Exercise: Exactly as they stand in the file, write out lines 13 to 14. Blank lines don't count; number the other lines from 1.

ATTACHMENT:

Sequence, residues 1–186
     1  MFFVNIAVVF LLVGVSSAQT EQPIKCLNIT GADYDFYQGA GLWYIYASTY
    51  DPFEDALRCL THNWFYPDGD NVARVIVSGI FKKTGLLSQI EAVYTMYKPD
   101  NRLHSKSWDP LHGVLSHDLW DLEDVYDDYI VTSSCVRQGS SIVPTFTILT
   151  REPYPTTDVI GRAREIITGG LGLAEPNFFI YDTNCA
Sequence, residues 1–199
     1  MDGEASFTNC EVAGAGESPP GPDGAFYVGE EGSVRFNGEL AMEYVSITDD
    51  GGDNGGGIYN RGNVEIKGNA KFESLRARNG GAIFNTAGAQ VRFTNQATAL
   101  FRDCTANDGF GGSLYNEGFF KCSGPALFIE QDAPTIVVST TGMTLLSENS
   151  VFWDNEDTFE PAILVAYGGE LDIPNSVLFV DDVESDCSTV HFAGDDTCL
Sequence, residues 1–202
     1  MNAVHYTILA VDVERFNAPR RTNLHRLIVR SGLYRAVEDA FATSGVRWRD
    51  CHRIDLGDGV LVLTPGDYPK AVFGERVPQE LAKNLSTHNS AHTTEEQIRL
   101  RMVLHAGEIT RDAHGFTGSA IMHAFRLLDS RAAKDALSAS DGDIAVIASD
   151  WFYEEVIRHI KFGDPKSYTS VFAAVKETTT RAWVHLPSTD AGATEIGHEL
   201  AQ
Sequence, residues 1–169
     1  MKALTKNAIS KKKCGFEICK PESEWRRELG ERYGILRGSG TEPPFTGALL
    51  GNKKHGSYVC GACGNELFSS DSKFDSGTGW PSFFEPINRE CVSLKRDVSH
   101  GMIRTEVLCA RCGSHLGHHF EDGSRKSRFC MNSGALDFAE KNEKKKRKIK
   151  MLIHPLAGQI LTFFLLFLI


    51  CHRIDLGDGV LVLTPGDYPK AVFGERVPQE LAKNLSTHNS AHTTEEQIRL
   101  RMVLHAGEIT RDAHGFTGSA IMHAFRLLDS RAAKDALSAS DGDIAVIASD